Those Are The Last Days
by Bjørn Larssen | 1912 Words
Our hydrangeas died the day London was burning, July 19th, which was also the 19th day of the first drought. On the 21st it began to rain, and it rained all day, and then it didn’t again, and I started counting the days anew. Otherwise I would have to admit the drought was not over. That it just took a pause to regroup. The numbers would get too big. Intimidating. It is very good holiday weather, they say. I think of food.
Day 1 of the second drought
It is a strange summer; strange droughts. It hasn’t been hot (except the day London was burning). I know dry heat, yes. Very good holiday weather that won’t stop confuses me. Our hibiscus is dying of thirst. Grasses are dying of thirst. Flowers the name of which I have forgotten are dying of thirst. We water them in the evening. It is still legal, now. Those are the last days. But not tonight, not yet. Soon.
The cherry tree is dead. Internet says it should have been planted March-April, after the frosts ended. We planted it in November and the frosts came in March-April. We probably overwatered it during the drought, says the gardener who sold it to us. I hope it comes back to life next year, I say to Husby. It will not, he says.
I pray for rain.
A few years ago Husby would have said “it’s good for the plants” during every downpour, and there were many, and I would huff “I’ll appreciate that when I’m a plant,” and now he doesn’t say it, and I wish he had a chance. It is good for the plants. Hydrangeas, hibiscus, harvests.
Day 6 of the second drought
Phillippa Fox, the general manager of New Zealand’s Ministry of Business, Innovation and Employment, declares the climate change has “insufficient weight.” There is a photograph of Phillippa Fox on her Facebook. There is no photograph of the climate change.
I think of Surtr, the God whose fires will devour the world when Ragnarök comes. Phillippa Fox tells Surtr to put his sword away before he steps on the scale. She knows his tricks, she says. As the desk begins to smoulder underneath the flaming sword Phillippa Fox slowly shakes her head; makes tsk-tsk noises. His weight, Phillippa Fox declares, as Surtr’s shoulders drop and lip quivers, is insufficient. Phillippa Fox has no choice but to issue more permits, to search for more oil and gas, and more and more and more and more until Surtr’s weight is sufficient for him to be released into the world and end it.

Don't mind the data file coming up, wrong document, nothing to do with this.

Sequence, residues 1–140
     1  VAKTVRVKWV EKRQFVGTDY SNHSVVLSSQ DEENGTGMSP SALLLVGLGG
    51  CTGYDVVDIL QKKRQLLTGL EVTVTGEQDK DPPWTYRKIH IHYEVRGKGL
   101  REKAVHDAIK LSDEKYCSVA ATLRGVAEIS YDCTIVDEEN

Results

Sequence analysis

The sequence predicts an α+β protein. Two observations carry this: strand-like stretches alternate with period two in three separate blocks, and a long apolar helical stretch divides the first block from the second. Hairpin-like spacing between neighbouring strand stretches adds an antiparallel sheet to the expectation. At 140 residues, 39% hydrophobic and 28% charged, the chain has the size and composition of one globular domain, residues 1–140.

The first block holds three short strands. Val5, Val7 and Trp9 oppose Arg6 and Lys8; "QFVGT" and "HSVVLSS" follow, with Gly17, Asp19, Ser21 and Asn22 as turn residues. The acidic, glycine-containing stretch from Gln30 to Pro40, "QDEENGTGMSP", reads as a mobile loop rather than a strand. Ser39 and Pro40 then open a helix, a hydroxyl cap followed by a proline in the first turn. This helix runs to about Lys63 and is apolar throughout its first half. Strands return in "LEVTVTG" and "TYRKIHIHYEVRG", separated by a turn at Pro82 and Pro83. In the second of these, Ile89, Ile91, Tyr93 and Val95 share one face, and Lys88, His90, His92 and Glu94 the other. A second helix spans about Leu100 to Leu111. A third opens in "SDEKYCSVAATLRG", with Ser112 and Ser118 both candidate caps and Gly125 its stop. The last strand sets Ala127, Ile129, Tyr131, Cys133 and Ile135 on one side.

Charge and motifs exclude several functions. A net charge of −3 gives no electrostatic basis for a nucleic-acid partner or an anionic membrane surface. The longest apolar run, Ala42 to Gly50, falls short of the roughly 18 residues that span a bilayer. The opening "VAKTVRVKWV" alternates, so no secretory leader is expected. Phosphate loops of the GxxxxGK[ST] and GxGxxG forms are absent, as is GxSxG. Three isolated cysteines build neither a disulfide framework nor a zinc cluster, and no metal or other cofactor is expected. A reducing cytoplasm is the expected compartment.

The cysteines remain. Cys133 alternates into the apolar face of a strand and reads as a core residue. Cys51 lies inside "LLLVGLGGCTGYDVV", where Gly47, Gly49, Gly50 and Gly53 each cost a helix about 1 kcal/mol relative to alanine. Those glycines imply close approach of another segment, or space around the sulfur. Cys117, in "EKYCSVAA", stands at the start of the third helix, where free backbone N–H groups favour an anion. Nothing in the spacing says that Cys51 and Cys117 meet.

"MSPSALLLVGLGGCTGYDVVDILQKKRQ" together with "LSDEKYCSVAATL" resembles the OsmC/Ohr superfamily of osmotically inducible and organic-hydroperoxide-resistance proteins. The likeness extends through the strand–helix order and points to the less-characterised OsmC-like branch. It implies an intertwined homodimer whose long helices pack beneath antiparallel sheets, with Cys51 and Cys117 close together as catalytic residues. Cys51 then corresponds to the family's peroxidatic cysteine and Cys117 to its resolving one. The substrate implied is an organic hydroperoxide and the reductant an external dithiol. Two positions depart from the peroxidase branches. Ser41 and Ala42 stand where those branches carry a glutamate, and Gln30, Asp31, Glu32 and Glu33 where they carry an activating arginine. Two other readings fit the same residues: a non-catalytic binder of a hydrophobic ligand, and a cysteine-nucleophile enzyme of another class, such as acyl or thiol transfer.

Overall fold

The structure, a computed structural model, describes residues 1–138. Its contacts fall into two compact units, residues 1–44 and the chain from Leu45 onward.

It is Freyr, the God of good harvests, who will fight Surtr in Ragnarök. He will lose. He is already losing, even though Surtr’s weight is insufficient. There will be few good harvests this year, and those few will be destroyed.
Day 1 of the second drought
Here, in the West, Husby orders 15 kg of flour online. “It’s more expensive already,” he remarks. In the East, where my Mum lives, there is no flour or sugar in the shops. It’s only available on TVPropaganda, laughs Mum, same as coal. There will be lots of coal, promises the prime minister, actually too much coal, we don’t need Putin’s gas, we can buy coal from other countries. (Poland exports its coal.) I laugh too. We both remember communism, although she remembers more of it. We survived on laughter.
Putin agrees to a deal with Ukraine to allow grain exports. 12 hours later Odesa, Ukraine’s main port, is targeted with cruise missile strikes. I think about the crops. I remember getting up at five a.m. to stand in line to buy bread for Easter. I remember the bread ran out when there were just four more people in front of me. There was nowhere else to go. There was no flour. Even though nobody destroyed the grain on purpose.
The word “famine” appears somewhere as I doomscroll. Then the word “Africa.” I scroll faster.
Day 18 of the first drought
One day before our hydrangeas die, the day before London is burning, the Good Morning Britain weather forecaster Laura Tobin is accused of scaremongering and “weather propaganda” and called Dr Doom, and told she should be jailed over her climate warnings. Twitter decides the weather propaganda has to end. The next morning, angered Dr Doom uses her powers to give the London Fire Brigade their heaviest workout since World War II. (It is a quote.)
Surtr pleads with Phillippa Fox to give him a phone, so he can start a Twitter account. “Insufficient weight,” she says, and her voice is so cold Surtr unexpectedly shivers.
Day 6 of the second drought
We are having a barbecue. Husby watered everything thoroughly. The charcoal doesn’t produce sparks or flames, only ash. The temperature is 21 degrees in the shade and a bit more through the smog. We eat nice food now because soon it will not be there. Chicken burgers and beef burgers and a baguette and a salad.
Can we have a fire later, Husby asks, a small one?
I don’t feel great about it, I say.
Just kindling? he asks hopefully.
I assess the wind and our surroundings. I bring some kindling over and put it on top of the coals and set aflame. I guard each spark. A few ride on a gust of wind, head towards the open door of the shed. My gaze follows. There is sawdust on the floor. I announce the fire is over. There is no better food for sparks than sawdust. It’s dry. There is air. Everything fire needs to grow and multiply. Did you know the only reason why humans don’t consider fire a living being is that it has no DNA?